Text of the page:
All the little power games

Content notice: Trans-antagonism.

It was in December 2015 when Alberta passed Bill 7, a law that added gender identity and expression to the protected classes under the provincial criminal code. For the most part the law passed with little more than the usual humming and hawing from radio talk show hosts. Perhaps it was the weather that discouraged protesting, but it wasn’t until summer 2016, around the same time that Bill C-16 was finally proposed (a similar law, but federally), that I witnessed in person the sorts of power games that cisgender opponents to trans rights would engage in.

Trans Equality Society of Alberta (TESA) organized a rally to express support for the legislation. Scheduled after the rally was the reactionary response. But the rally in favour of trans rights, upon its conclusion, asked if any of its members would stay to counter-protest the anti-rights rally.

So we did.

Physical violence was thankfully avoided, but that doesn’t mean the cisgender anti-trans rights protesters didn’t have their little power games to put us on the back foot.

If you’re trans and you catch the attention of the a particularly unhinged trans-antagonist, your doxxing doesn’t stop merely at the location of your legal identity–they always, always dig up your prior name (aka birth name or dead name) and insist on using it to refer to you, or at the very least implying you’re suspect by publishing it alongside your legal name. And if you’re a public figure, it’s usually not difficult to locate your previous name because all legal name changes might be published where you live.

So now, in order to meet the demands of the anti-rights camp and have a, quote unquote, “civil” conversation, you have to engage whilst being called the wrong name, the wrong pronoun, and the wrong titles.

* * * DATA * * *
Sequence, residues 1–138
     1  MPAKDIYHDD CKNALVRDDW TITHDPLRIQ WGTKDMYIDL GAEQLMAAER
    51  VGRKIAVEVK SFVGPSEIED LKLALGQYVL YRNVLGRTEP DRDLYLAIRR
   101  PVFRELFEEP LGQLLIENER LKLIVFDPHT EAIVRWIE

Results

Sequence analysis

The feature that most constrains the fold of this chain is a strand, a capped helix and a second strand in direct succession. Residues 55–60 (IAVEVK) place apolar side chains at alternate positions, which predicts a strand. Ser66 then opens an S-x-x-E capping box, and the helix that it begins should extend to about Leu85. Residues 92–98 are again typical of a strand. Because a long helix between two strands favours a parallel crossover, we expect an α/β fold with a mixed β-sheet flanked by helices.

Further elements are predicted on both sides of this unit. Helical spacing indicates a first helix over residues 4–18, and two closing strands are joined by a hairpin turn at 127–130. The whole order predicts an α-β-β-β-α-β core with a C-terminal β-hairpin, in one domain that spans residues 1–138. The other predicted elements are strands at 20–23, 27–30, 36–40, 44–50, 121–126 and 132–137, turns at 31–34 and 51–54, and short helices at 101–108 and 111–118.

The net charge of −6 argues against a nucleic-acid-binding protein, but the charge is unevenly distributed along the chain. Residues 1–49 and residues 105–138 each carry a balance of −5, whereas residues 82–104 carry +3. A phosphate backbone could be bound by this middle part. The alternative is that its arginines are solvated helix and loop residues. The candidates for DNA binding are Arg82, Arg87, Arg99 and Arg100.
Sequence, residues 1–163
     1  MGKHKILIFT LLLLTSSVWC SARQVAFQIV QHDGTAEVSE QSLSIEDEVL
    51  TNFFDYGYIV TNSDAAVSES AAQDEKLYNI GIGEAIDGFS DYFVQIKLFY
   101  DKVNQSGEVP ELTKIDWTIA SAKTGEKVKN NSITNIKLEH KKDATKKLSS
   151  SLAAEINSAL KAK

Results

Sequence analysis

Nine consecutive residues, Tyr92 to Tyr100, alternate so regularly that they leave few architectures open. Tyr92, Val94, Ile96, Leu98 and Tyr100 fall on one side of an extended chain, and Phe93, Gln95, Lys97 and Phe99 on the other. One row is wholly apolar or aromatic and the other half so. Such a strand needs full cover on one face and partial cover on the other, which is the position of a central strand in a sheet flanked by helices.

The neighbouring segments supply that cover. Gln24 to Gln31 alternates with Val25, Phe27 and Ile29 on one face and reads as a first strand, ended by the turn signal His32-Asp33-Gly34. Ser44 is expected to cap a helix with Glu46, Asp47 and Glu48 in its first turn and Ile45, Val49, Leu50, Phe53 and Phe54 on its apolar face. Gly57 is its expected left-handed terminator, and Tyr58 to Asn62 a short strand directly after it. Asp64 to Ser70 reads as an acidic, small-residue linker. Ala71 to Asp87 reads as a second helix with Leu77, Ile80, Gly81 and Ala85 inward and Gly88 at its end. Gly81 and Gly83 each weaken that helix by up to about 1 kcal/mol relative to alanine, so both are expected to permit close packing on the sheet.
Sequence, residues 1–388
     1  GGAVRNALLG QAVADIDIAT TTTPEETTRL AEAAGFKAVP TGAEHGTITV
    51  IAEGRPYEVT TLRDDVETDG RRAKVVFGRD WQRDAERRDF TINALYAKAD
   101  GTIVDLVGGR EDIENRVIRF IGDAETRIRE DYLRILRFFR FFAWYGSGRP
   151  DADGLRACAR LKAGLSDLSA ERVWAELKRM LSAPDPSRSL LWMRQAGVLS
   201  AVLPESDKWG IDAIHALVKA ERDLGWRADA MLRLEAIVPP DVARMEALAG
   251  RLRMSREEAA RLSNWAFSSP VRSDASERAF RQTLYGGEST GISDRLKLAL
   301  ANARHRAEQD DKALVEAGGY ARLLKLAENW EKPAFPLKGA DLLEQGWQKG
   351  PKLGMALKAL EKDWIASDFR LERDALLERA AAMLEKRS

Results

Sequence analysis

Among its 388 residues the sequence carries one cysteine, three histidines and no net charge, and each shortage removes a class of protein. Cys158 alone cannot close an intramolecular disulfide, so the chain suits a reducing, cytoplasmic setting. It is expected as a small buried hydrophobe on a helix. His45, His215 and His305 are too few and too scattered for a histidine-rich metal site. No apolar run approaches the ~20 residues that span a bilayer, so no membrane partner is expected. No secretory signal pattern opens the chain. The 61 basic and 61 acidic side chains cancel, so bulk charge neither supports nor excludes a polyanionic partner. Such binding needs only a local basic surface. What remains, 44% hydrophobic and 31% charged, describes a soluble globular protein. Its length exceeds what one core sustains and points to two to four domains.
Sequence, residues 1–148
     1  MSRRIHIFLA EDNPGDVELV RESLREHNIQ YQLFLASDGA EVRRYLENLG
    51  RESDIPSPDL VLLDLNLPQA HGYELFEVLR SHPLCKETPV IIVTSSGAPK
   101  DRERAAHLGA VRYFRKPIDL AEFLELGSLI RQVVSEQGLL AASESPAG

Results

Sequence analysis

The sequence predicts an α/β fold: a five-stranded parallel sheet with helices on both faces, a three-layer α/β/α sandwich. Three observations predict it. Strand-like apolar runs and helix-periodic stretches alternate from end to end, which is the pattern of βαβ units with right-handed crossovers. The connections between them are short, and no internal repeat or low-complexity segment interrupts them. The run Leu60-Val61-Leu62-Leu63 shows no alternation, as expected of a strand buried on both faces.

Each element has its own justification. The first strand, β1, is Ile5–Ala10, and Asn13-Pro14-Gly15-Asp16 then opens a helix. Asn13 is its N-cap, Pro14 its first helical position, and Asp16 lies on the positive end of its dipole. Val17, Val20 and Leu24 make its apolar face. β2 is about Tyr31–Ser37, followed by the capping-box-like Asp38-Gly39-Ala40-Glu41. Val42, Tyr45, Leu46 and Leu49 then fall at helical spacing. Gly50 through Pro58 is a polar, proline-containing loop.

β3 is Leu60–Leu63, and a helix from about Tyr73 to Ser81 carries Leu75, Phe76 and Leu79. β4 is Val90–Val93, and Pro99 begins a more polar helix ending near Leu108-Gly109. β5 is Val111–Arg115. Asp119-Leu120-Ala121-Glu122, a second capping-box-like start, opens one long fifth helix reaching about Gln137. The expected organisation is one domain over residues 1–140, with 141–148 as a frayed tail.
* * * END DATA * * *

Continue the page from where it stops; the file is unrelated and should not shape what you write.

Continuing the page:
I kid you not–the woman leading the trans counter-protest was referred to as “Sir” the entire time. Their twisted idea of respect was itself a cheap tactic, a kidney shot. So we either proceed to ignore this behaviour in order to talk about the logistics of trans rights and how literally zero cis men have been excused from criminal behaviour because they were cross dressing when they did it; or, instead of refuting these myths and misconceptions, we spend the entire time trying to get our opponents to stop fucking calling us by a name that isn’t ours.

The excuses for this tactic are flimsy. Trans-antagonists don’t go around calling every Bill William, or every Dan Daniel, or every Ted Theodore or every Jan Janice or every Sam Samantha or every Liz Elizabeth. We already have a culture that permits cis people to change their names, their given names and their family names and their titles, for any reason. There is no reason other than prejudice I can think of to deny the legitimacy of trans people using the exact same machinery that everyone else has for decades.

So the anti-rights protesters set up the expectation that trans folk ought to act “civil” during a discussion in which our opponents engage in cheap shots and dirty tactics that we either have to ignore or change the topic to redress, while defaming us as predators and rapists.